The result of that has been a long struggle in which I've done a lot of reevaluation, and a lot of discovery about who it is that I am, really, after I've gotten through the layers of stuff that I *thought* I was, but which were merely old habit. That's an ongoing process, and I'm not going to pretend that it's happening quickly, or smoothly. But it's happening, and you have my utmost thanks for being, unwittingly, one of the instigators. I'll end up a better and happier person for it, and I'm a better and happier person for having known you, without a doubt. Thanks for being here, my friend, and I pray that you'll still be here a long time to come. If not, well, I'll raise a toast to your memory now and again for the rest of my life - and have tales to tell of the time I had the great good fortune to share a piece of the world with Tom Mandel. Try not to make me start telling them *too* soon, eh?

Preston Stern (presto) Sun 26 Mar 95 21:33

Integrity? Man, you wrote the user's manual. Nobody has integrity down like mandel.

Compassion, generosity, humanity -- I've seen this side of you too, Tom. And your zeal for a good give-and-take. Like many others, you initiated me here when I began to post and you made me realize the standards were high on the WELL and I had to sharpen up to measure up. We've been at crossed swords and we've been on the same side, and over the years it has given me great pleasure to call you a friend and think of you as a brother.

Listen, Tom. About four weeks ago a doctor was telling me I was dying and there was nothing to be done about it. I didn't accept that, I don't accept it now. I'm proving him wrong week by week. He was wrong. But on the road to wherever I'm going I have made a startling discovery. What happens to me in some future time is not that important. The destination is the journey. Living life, allowing room for joy and love, moment by moment as those moments are granted, is what really counts.

You are still with us and I am hoping we will get that miracle and have you with us for a long time yet. These connections you are being reminded of in this topic are part of your journey. Whatever happens, travel with us, my friend, live in the moment, and go with God. There is plenty of love around for Tom Mandel, including mine. Blessed be.

editorial comment (green) Mon 27 Mar 95 00:46

I can't believe this whole topic has occurred without anyone mentioning the fact that part of Tom's appeal has always been that he's so sexy.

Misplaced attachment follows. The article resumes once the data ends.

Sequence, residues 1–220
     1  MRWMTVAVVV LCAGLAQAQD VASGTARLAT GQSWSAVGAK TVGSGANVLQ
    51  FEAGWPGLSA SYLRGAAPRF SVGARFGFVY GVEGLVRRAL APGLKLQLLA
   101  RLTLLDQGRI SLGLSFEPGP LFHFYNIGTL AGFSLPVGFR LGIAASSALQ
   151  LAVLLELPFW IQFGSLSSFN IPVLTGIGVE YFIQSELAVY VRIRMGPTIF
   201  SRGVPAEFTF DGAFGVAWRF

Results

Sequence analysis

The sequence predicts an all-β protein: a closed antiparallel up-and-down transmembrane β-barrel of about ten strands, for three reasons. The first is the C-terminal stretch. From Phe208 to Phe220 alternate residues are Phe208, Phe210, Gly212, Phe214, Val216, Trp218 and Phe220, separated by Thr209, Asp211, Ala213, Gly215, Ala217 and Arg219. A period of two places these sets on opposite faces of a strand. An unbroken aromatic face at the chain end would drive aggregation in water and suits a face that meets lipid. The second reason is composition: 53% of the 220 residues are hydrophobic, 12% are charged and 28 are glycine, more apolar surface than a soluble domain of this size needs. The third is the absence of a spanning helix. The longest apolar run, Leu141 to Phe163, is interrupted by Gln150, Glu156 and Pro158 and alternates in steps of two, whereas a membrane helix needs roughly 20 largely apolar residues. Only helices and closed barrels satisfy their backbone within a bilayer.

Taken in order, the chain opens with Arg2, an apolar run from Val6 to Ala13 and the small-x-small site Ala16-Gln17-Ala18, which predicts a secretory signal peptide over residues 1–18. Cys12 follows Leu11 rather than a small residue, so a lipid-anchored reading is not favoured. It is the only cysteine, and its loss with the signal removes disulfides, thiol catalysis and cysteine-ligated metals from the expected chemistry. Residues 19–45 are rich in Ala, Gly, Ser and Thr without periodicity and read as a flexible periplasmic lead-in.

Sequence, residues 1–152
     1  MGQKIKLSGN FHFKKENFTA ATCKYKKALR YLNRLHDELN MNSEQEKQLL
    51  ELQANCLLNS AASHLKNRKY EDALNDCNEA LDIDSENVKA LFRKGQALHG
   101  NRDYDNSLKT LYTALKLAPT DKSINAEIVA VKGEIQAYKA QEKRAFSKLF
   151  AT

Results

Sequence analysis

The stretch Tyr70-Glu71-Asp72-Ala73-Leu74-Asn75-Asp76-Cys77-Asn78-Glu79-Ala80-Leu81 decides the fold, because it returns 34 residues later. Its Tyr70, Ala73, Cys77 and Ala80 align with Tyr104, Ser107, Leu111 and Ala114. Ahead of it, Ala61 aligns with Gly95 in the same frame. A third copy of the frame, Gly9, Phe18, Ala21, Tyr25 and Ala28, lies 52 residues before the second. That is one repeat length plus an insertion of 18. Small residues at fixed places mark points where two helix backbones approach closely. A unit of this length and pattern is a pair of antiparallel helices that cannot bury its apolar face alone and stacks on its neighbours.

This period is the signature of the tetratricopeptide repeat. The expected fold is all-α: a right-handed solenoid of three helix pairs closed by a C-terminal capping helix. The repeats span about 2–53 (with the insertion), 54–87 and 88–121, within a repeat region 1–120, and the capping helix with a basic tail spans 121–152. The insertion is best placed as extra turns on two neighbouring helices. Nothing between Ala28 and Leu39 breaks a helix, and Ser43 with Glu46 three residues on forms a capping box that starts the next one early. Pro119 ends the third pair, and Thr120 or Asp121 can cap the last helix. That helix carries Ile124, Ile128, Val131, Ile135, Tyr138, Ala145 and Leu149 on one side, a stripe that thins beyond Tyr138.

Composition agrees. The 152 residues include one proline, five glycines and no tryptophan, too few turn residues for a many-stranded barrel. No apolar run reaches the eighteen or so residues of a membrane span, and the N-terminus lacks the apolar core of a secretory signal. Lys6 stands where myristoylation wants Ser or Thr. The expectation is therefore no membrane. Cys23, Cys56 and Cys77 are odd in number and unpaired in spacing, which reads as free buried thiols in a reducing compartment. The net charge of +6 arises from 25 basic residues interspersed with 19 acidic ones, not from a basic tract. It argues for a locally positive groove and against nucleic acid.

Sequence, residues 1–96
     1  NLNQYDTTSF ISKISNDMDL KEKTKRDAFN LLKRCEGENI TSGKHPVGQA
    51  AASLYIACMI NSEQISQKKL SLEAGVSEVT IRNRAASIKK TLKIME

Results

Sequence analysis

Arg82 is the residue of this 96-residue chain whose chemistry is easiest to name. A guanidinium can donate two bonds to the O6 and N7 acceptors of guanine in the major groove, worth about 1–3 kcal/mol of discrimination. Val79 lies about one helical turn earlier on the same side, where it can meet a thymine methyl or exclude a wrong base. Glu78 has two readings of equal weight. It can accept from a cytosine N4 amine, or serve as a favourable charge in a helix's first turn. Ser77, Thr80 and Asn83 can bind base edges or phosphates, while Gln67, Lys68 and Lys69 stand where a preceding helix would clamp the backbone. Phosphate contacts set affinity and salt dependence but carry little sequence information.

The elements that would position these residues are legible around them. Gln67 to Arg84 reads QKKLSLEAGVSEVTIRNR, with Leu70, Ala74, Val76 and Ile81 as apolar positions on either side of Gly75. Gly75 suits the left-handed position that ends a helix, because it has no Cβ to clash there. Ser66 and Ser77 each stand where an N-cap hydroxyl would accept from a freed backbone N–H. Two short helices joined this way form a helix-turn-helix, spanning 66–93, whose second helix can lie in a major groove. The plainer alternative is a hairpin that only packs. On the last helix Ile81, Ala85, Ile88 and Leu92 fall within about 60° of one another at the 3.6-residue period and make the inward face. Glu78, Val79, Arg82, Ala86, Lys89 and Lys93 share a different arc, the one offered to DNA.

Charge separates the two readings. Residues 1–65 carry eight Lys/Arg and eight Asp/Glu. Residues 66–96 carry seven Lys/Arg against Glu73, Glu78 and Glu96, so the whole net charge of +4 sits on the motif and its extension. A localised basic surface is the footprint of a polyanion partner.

It needed saying.

John Sumser (jrsumser) Mon 27 Mar 95 11:07

I guess each of us has a Tom Mandel, much like the blind wise men each had their own elephant.

Quite coincidentally, I spent Saturday installing a piece of the Mandel family's legacy in the house for the kids. I recently discovered that your father (and uncle?) were involved in the creation of Mortimer Adler's Geat Books series and that the project was housed in the Mandel building in Chicago. (I know you'll correct the errors in my recounting).

Anyhow, with you in mind, I gleefully trucked the used Encyclopedia Britannica and the accompanying great books collection to my living room. I think every dad is required, at some point, to buy the gift of his dreams for his kids. As I began to tech the kids the rudiments of research, I told them about the kind of legacy they might want to aspire to leave when they're done with this life.

"Tom's father and uncle were business people", I said "but they found the time to invest in their passion for the real betterment of people. They got no recognition in the works but left their marks nonetheless."

I told them the story of you offering me the hand of encouragement when I needed it most. "Sometimes", I said "your most memorable actions will be anonymous. Sometimes, they will be misunderstood."

The gift must always move. It rarely returns to its source. Rather, it travels down generational lines and across families.

I hope that you will take pride and comfort from the fact that your gift has entered my family and is heading out in time.

allison (ochick) Mon 27 Mar 95 12:03

hi, tom. for me, who wanders around in something of a fog, you have been one of the people who immediately comes on my radar clear and strong. and though we haven't spoken in any substantial way, i want to tell you that having good clear signals of people, perhaps becuase your kind is so rare, is an enormous gift to my foggier kind: it puts me back on track of living life, trying to live it well. (this is an ongoing gift. just because i've thanked you for being the way you are is no reason to feel any past tense.)